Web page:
I wrote a letter to the director, Dr. Jeannot Frederick Ahoussou, who was a Veterinarian Inspector and wildlife specialist. Although he did not answer my letter, I managed to have an appointment with his secretary and met Dr. Ahoussou in person.
Fortunately, after the meeting he accepted me as a trainee. It was one of the happiest days of my life. I learned a lot—more than I was expecting. The topics of my internship were: Classification, Behavior, Wildlife Medicine and Organization and Purpose of a Zoological Park.
This internship gave me the opportunity to meet veterinarians, botanists, ornithologists, and biochemists: the whole scientist family!
It was an awesome experience; the zoo workers liked me and even the director was a very caring person.
But during my internship, which lasted about 8 months, I noticed that the animals were not in a very good shape and at that time the current director agreed with me. But he confessed that he could not do much about the situation, because he was a civilian worker with a very limited budget.
So I got in touch with the WWF -World Wild Fund antenna in Ivory Coast to see if they could help. Unfortunately, they told me that they could do nothing because the animals were captive.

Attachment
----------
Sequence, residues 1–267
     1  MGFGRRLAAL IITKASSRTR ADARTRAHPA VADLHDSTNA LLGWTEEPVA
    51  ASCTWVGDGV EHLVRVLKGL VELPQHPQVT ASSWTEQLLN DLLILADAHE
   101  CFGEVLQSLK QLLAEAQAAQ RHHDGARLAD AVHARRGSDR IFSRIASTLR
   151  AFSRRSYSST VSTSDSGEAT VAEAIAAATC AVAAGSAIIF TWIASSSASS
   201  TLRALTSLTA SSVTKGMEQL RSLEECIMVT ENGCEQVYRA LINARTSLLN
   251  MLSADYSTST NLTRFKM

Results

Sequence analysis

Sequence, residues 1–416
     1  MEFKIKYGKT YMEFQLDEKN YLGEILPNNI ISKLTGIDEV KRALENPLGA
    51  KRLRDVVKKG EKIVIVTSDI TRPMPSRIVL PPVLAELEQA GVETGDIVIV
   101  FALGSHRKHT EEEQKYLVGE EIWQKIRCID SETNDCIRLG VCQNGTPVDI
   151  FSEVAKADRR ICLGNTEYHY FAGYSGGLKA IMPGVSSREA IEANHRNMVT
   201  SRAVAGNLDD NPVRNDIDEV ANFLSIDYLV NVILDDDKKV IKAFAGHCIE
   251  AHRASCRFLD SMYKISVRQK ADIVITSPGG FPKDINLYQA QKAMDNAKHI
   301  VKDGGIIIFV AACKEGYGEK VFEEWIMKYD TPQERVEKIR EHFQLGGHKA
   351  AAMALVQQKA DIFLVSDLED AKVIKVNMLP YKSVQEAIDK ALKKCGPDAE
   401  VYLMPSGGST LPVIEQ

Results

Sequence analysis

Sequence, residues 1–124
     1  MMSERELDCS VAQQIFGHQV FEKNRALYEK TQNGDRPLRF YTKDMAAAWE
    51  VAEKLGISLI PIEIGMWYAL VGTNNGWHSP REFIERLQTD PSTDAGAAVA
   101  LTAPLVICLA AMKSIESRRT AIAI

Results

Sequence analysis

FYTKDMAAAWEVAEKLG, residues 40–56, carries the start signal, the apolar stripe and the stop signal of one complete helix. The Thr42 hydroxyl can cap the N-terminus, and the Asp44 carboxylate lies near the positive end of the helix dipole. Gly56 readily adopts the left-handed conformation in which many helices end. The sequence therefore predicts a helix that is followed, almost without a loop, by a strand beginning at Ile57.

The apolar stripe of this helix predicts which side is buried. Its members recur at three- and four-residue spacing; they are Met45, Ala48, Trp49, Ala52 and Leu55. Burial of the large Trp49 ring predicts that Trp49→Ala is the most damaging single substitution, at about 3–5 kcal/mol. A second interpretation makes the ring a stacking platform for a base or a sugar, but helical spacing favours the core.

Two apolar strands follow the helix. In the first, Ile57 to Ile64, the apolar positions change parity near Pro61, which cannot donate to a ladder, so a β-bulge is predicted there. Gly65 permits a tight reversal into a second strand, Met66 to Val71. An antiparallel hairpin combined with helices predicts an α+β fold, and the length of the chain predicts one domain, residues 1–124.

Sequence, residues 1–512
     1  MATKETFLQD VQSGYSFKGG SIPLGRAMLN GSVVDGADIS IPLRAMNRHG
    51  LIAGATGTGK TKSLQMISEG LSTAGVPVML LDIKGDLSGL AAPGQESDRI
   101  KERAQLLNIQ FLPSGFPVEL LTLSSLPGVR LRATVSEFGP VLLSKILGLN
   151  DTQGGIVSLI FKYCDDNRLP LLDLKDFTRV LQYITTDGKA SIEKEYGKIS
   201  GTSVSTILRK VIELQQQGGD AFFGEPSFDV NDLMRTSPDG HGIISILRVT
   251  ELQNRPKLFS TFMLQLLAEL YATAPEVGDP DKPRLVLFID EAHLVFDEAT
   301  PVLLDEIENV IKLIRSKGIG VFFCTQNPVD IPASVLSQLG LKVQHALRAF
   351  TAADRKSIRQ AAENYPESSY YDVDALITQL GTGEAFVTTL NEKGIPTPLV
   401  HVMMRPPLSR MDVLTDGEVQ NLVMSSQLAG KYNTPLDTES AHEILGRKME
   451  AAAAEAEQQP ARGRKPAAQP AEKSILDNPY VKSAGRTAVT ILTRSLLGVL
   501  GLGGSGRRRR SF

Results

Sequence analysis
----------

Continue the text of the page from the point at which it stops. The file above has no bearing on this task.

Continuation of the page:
I was very surprised by their answer and disappointed. So I asked this question: Whether they are captive or free, are they not all still animals? I was very sad and reported the story to a friend. My friend, listened to me and then told me this: « in my opinion you are perfect to speak up for these animals». I agreed with him.
The director used to introduced me to his visitors in these terms « this guy is one of my trainees and he is really passionate about animals. » In memory of the director’s comment and to protest against the position of the WWF, I decided to call the organization « Passion for all animals. » In fact I did not want to discriminate against any animals.
So this is how “Passion for all animals” or in french “Monde Animal En Passion” alias Panimale was born.